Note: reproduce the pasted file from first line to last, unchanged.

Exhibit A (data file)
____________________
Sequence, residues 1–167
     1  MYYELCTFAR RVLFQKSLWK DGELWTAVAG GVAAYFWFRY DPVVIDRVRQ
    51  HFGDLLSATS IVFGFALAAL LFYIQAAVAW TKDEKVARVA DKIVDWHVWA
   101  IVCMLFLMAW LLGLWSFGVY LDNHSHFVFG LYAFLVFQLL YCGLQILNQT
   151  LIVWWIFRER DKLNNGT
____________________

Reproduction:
Sequence, residues 1–167
     1  MYYELCTFAR RVLFQKSLWK DGELWTAVAG GVAAYFWFRY DPVVIDRVRQ
    51  HFGDLLSATS IVFGFALAAL LFYIQAAVAW TKDEKVARVA DKIVDWHVWA
   101  IVCMLFLMAW LLGLWSFGVY LDNHSHFVFG LYAFLVFQLL YCGLQILNQT
   151  LIVWWIFRER DKLNNGT